It’s hard to be a kid these days.
Your blue-haired teachers appear on Libs of Tik-Tok videos bragging about selling you into sex slavery, and people go “Ho-hum. How cute. Don’t judge.”
If you’re a girl, the federal government and institutions like Boston Children’s Hospital will promote “gender affirming hysterectomies.” And, of course, also on offer, depending on the institution, can be chest-binding or breast removal. For boys, castration can be a good choice. For either sex, chemical bombardments are highly recommended so that kids can be who they truly are—or what their pierced and tattooed peers, tenured groomers, and drag queen story hour counselors think they should be.
Orthodox. Faithful. Free.
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And, of course, if you’re a kid in a “progressive” school district, you might not have been to school for a couple of years. Instead, you took Zoom classes while wearing a mask. If you’re a white kid, you learned to do a daily act of penance for your privileged existence, perhaps by donating your school lunch money to the teachers’ union.
Given all this, you might think, if you’re a parent, that you need to have a sit-down talk with your progeny to discuss the birds and the bees, the Trotskyites and the transvestites.
And you would be wrong.
Our kids don’t need arguments, they need a childhood.
They need to have their healthy imaginations nourished and their innate prejudices in favor of truth, beauty, and goodness affirmed.
At some point, they will be confronted with the horrors of modern life. And when they are, they won’t need arguments. They will need the unshakable conviction of any sane and moral person: that the “transgender” ideology is evil, self-evidently false, and worthy only of incredulity, condemnation, and ridicule.
Arguments are useless when your opponent believes men get pregnant, women are indefinable, and contradicting these statements is “violence.”
And no, we should not teach our children to approach these people, or their “issues,” with “compassion” and “understanding.”
The enemy has taken advantage of normal people’s good will, using it to chip away at their natural resistance to leftist lunacy. All those little accommodations have taken their toll: everyone who said “gender” because it was more polite than saying “sex”; everyone who embraced feminism (even of the “equity” variety) not realizing where it led (to the abolition of women); everyone who smugly reiterated bumper-sticker logic (“love is love”) without recognizing that pedophiles waited in the wings.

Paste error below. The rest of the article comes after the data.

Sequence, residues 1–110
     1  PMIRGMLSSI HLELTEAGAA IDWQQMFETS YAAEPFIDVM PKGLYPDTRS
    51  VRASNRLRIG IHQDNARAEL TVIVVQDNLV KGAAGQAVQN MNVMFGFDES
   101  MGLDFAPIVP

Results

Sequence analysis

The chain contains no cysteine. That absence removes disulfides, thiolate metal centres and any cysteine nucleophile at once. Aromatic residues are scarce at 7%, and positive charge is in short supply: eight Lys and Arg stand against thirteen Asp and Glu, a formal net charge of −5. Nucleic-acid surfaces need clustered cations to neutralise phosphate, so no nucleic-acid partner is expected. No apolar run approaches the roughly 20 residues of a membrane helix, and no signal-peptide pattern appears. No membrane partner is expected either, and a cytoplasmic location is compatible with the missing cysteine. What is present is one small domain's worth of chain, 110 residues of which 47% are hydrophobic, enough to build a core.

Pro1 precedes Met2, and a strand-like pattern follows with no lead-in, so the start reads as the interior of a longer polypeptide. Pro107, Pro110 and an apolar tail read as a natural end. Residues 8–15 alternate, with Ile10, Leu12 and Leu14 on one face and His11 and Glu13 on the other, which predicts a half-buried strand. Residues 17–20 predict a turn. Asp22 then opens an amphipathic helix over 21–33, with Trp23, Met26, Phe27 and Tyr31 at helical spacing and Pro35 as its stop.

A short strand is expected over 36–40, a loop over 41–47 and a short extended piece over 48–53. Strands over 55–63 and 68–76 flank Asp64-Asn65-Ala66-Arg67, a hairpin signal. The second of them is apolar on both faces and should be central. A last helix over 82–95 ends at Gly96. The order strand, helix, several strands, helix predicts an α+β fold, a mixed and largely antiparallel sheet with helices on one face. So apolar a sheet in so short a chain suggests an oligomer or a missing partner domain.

We need plain-speaking common sense and fearlessness.
When it comes to protecting your kids, homeschooling helps; good Catholic schools can help too. But there is no escape: we’re all targets, all the time. Satan never sleeps.
But neither does God—and the library of Western civilization is always open, twenty-four hours a day, as nearby as the Bible on the bedstand, the Iliad on the shelf, the Odyssey on the homework table, not to mention Beau Geste, Black Beauty, and all the children’s classics you read when you were a kid, or better ones.
Insomniac? Rainy day cancel baseball practice? Old Hays Code era movies can entertain blissfully—and do more to affirm traditional morality than any earnest sit-down talk.
Golden Era television of the 1950s and 1960s is good too, for the same reason. Any child would benefit from a steady diet of Hopalong Cassidy, Leave It to Beaver, Wagon Train, and The Twilight Zone over the school library and its stacked copies of…well, you know.
If the “transgender” madness must be dealt with, best to do so metaphorically. Matt Walsh, with his Johnny the Walrus book, has the right idea. So, too, any books (or films) that uphold the eternal verities of male and female, courage and truth, fidelity and honor (as I like to think my own novels—The Old Limey, Armstrong, Armstrong Rides Again!, and Armstrong and the Mexican Mystery—do; that’s their point).
What we can best offer our children is hope, prayer, and beneficial examples—our own and those of generations past. We need to arm our children not with arguments but with examples of bravery, inspiration, and fortitude; because the day will come when the battle will be theirs, and they will raise up their own families and continue the war against the darkness that perpetually threatens to overwhelm us. For that task they will need not rhetoric but the most important of all virtues: courage. And they’re more likely to learn that from The Lone Ranger or Cheyenne than from a family conference.
[Image Credit: Unsplash]